United States of America, Plaintiff-appellee, v. Clarence A. Clarke, Defendant-appellant.united States of America, Plaintiff-appellee, v. Israel Pink, Defendant-appellant.united States of America, Plaintiff-appellee, v. Sandra Walker Rodney, Defendant-appellant, 953 F.2d 640 (4th Cir. 1992)

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US Court of Appeals for the Fourth Circuit - 953 F.2d 640 (4th Cir. 1992) Argued Oct. 28, 1991. Decided Jan. 30, 1992

Appeals from the United States District Court for the Eastern District of Virginia, at Alexandria. T.S. Ellis, III, District Judge. (CR-90-377-A)

Argued: Thomas Crane Carter, Alexandria, Va., for appellant Pink; Lance Daniel Gardner, Fairfax, Va., for appellant Rodney; Paul Howard Zukerberg, Washington, D.C., for appellant Clarke; Christopher John Kelly, Special Assistant United States Attorney, Alexandria, Va., for appellee.

On Brief: Navron Ponds, Washington, D.C., for appellant Clarke; Kenneth E. Melson, United States Attorney, Mark J. Hulkower, Assistant United States Attorney, Alexandria, Va., for appellee.

E.D. Va.


Before K.K. HALL and WILKINSON, Circuit Judges, and JOSEPH H. YOUNG, Senior United States District Judge for the District of Maryland, sitting by designation.



Following a jury trial, appellants Clarence Clarke, Israel Pink, and Sandra Rodney were convicted for their involvement in a cocaine distribution ring that operated in Winchester, Virginia. All three defendants were convicted of conspiracy to possess with intent to distribute cocaine, in violation of 21 U.S.C. § 846 (1988). Clarke also was convicted of possession with intent to distribute a detectable amount of cocaine, in violation of 21 U.S.C. § 841(a) (1) (1988) and 18 U.S.C. § 2 (1988); and possession of five or more grams of crack, in violation of 21 U.S.C. § 844(a) (1988). Pink and Rodney additionally were convicted of unlawful use of a communication facility, in violation of 21 U.S.C. § 843(b) (1988) and 18 U.S.C. § 2 (1988). Finding no merit to the issues raised on appeal, we affirm all convictions as to all defendants.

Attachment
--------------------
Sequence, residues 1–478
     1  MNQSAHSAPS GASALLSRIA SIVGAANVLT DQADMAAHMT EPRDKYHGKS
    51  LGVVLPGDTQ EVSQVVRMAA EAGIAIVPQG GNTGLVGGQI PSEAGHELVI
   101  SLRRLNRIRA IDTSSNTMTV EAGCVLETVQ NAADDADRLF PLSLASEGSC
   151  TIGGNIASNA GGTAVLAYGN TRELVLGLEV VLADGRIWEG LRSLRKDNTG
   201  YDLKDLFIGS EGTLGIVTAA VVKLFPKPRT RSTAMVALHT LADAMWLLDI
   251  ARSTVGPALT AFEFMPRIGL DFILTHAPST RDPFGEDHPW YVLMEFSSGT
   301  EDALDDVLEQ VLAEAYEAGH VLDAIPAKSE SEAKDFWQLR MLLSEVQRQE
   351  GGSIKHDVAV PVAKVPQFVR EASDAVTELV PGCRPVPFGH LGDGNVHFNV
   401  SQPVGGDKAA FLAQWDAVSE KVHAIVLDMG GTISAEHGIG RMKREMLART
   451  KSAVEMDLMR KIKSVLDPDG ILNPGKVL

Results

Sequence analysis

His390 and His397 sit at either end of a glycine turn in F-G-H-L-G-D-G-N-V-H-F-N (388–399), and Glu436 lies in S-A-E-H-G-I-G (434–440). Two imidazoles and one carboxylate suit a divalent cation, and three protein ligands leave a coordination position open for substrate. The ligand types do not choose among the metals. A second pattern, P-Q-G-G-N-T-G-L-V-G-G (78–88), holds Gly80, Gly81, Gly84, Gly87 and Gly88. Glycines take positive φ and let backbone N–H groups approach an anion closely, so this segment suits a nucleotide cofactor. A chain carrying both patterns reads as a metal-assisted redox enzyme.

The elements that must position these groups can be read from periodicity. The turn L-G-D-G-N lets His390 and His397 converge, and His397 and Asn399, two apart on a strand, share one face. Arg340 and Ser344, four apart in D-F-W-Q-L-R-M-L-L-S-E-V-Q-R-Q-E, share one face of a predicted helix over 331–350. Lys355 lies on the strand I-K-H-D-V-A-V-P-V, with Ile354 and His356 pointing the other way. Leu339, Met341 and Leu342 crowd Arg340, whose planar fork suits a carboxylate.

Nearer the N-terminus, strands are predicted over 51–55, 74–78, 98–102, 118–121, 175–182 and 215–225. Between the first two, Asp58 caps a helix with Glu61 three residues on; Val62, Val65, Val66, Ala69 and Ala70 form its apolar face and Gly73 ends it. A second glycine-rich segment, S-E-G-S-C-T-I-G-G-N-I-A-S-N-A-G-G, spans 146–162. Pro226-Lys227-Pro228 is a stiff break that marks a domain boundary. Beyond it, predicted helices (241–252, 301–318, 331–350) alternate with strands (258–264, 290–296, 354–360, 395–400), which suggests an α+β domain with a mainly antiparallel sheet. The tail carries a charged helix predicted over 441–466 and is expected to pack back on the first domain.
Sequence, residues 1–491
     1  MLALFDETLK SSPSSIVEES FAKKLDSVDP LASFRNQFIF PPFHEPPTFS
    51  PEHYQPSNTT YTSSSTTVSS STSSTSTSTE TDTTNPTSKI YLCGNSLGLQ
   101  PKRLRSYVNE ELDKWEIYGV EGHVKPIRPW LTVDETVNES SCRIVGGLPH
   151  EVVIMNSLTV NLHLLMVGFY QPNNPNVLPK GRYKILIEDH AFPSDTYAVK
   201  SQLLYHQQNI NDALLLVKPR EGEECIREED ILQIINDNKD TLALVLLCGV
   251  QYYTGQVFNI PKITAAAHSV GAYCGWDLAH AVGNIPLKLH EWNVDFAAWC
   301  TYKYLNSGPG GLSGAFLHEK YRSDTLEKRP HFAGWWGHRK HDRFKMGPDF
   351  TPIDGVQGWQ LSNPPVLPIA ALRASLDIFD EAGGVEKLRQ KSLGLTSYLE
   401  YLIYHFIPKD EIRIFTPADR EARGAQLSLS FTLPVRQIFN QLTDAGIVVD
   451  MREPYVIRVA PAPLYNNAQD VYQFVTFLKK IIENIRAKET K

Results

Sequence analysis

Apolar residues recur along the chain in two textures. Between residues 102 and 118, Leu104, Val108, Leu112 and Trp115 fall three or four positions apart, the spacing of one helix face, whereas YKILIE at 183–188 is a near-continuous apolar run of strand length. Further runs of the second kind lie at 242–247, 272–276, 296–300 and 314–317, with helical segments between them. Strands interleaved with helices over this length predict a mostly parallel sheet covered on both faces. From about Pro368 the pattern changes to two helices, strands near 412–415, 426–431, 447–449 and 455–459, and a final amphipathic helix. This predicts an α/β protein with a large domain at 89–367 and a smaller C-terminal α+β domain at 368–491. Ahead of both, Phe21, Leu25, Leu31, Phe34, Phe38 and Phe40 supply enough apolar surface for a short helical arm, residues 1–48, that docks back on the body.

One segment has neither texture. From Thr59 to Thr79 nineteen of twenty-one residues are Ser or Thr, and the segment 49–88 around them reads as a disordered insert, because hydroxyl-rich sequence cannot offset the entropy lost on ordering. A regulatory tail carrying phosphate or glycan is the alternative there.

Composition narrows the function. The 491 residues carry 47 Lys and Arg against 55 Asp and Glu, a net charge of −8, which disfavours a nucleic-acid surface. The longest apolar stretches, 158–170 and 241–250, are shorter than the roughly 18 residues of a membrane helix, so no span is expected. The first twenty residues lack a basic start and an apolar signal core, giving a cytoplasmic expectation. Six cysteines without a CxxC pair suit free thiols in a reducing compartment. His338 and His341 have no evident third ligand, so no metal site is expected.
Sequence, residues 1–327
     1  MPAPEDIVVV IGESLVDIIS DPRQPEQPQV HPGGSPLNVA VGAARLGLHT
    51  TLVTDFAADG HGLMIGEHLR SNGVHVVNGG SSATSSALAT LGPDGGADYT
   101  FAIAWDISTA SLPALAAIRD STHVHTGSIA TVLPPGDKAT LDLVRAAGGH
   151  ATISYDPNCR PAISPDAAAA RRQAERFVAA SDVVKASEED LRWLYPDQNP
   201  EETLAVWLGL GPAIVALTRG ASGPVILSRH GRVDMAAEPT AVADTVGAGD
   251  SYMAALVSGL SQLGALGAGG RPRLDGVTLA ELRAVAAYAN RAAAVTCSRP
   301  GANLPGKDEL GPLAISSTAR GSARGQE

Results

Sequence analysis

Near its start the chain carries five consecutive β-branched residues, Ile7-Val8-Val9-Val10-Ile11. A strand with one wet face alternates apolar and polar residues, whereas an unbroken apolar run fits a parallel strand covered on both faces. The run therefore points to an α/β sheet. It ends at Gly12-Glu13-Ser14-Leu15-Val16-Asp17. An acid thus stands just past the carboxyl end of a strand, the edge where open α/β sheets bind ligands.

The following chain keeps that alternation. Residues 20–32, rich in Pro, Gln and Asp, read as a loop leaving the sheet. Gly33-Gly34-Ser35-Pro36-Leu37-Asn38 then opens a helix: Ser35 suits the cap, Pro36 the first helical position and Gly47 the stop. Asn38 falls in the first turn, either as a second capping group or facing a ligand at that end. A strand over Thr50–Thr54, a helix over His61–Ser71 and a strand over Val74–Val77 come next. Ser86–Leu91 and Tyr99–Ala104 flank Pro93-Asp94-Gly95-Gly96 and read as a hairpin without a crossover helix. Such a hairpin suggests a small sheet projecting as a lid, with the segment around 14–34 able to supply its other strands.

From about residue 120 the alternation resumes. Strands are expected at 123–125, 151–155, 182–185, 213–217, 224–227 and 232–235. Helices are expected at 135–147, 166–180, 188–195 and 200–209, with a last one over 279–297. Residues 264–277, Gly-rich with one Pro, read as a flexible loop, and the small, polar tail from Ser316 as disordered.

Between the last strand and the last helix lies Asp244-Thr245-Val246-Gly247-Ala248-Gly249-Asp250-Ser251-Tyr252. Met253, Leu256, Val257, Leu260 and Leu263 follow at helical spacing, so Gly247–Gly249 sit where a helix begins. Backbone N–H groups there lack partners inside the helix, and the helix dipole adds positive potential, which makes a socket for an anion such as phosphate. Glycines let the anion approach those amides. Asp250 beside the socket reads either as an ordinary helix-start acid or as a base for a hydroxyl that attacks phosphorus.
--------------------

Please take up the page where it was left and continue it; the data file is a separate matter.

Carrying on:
Clarke first challenges the circumstances surrounding his arrest at Dulles Airport on Fourth Amendment grounds. He raised the same issues in a motion to suppress evidence seized during the arrest. The district court conducted a hearing on the motion at which time Clarke and Charles Hardison, an investigator affiliated with a Drug Enforcement Agency ("DEA") task force on narcotics, testified. The district court found Hardison's testimony to be more credible and found no Fourth Amendment violation.

The district court's factual determinations will be disturbed only if they are clearly erroneous. United States v. Wilson, 895 F.2d 168, 170 (4th Cir. 1990). Our review of the record reveals no error.

At 3:00 p.m. on September 20, 1991, Hardison and two colleagues were monitoring a flight coming into Dulles from Miami, a known source city for narcotics that are distributed in the Washington, D.C. area. The men were not in uniform and were not displaying visible weapons.